80% and over of the population of Gumla district were in the BPL category in 2004–2005.[22] In 2011-12, the proportion of BPL population in Gumla district came down to 36.75%.[23] According to a study in 2013 (modified in 2019), "the incidence of poverty in Jharkhand is estimated at 46%, but 60% of the scheduled castes and scheduled tribes are still below poverty line."[24]


in Palkot CD block

  Cultivators (68.19%)
  Agricultural labourers (20.61%)
  Household industries (2.66%)
  Other Workers (8.57%)

In Palkot CD block in 2011, amongst the class of total workers, cultivators numbered 31,959 and formed 68.16%, agricultural labourers numbered 9,663 and formed 20.61%, household industry workers numbered 1,247 and formed 2.66% and other workers numbered 4,019 and formed 8.57%. Total workers numbered 46,888 and formed 57.99% of the total population, and non-workers numbered 33,971 and formed 42.01% of the population.[25]


There are 73 inhabited villages in Palkot CD block. In 2011, 6 villages had power supply. 1 village had tap water (treated/ untreated), 73 villages had well water (covered/ uncovered), 70 villages had hand pumps, and all villages have drinking water facility. 9 villages had post offices, 5 villages had sub post offices, 4 villages had telephones (land lines), 12 villages had mobile phone coverage. 73 villages had pucca (paved) village roads, 12 villages had bus service (public/ private), 8 villages had autos/ modified autos, 10 village had taxi/ van, 22 villages had tractors. 4 villages had bank branches, 2 villages had agricultural credit societies, 33 villages had public distribution system.[26]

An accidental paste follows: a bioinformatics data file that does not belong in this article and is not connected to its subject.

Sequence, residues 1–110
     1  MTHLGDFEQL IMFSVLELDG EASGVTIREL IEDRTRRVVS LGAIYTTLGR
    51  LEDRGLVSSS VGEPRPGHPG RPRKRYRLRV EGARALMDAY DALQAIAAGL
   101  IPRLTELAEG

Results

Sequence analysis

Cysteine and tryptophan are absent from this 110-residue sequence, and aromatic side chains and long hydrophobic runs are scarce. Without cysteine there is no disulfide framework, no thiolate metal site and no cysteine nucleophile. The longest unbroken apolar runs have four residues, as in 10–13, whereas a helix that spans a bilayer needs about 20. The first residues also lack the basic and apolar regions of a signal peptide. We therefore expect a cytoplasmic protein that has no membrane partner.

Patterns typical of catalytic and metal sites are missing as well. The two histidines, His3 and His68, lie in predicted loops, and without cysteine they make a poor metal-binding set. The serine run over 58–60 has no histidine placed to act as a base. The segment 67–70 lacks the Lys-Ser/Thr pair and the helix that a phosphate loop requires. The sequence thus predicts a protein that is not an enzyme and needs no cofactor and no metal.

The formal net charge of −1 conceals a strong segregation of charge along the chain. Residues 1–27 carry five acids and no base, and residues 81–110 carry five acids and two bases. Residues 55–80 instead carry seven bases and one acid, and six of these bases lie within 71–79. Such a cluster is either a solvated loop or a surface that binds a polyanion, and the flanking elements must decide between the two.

In Gumla district, only three CD blocks, namely Sisai, Bharno and Kamdara, have plain lands. Rest of the district is mostly undulating in nature. Forests cover around 27% of the total area. About 35% of the total geographical area of the district is under cultivation. Out of 3.296 lakh hectare cultivable lands, only 22,056 hectare of land is under assured irrigation coverage. “The main economy of the village depends upon agriculture, forest produce, cattle development, and other labour activities...” About 70% farmers belong to the small and marginal category and have small plots scattered all around. Percentages of landless farmers are negligible.[27]

Backward Regions Grant Fund

Gumla district is listed as a backward region and receives financial support from the Backward Regions Grant Fund. The fund, created by the Government of India, is designed to redress regional imbalances in development. As of 2012, 272 districts across the country were listed under this scheme. The list includes 21 districts of Jharkhand.[28][29]


Palkot CD block had 24 villages with pre-primary schools, 66 villages with primary schools, 35 villages with middle schools, 7 villages with secondary schools, 2 villages with senior secondary schools, 7 villages had no educational facility.[30]
.*Senior secondary schools are also known as Inter colleges in Jharkhand


Palkot CD block had 7 villages with primary health centres, 23 villages with primary health subcentres, 2 villages with maternity and child welfare centres, 2 villages with allopathic hospitals, 4 villages with dispensaries, 1 village with veterinary hospital, 3 villages with family welfare centres, 2 villages with medicine shops.[30]
.*Private medical practitioners, alternative medicine etc. not included


  1. ^ "Gumla". About district/ Administrative Set-up/ Subdivision. Gumla district authorities. Retrieved 19 October 2021.
  2. ^ "धर्म, कला और वास्तुशिल्प की अनूठी कीर्ति है नवरत्न गढ़". Retrieved 9 December 2019.
  3. ^ "Culture & Heritage". Retrieved 9 December 2019.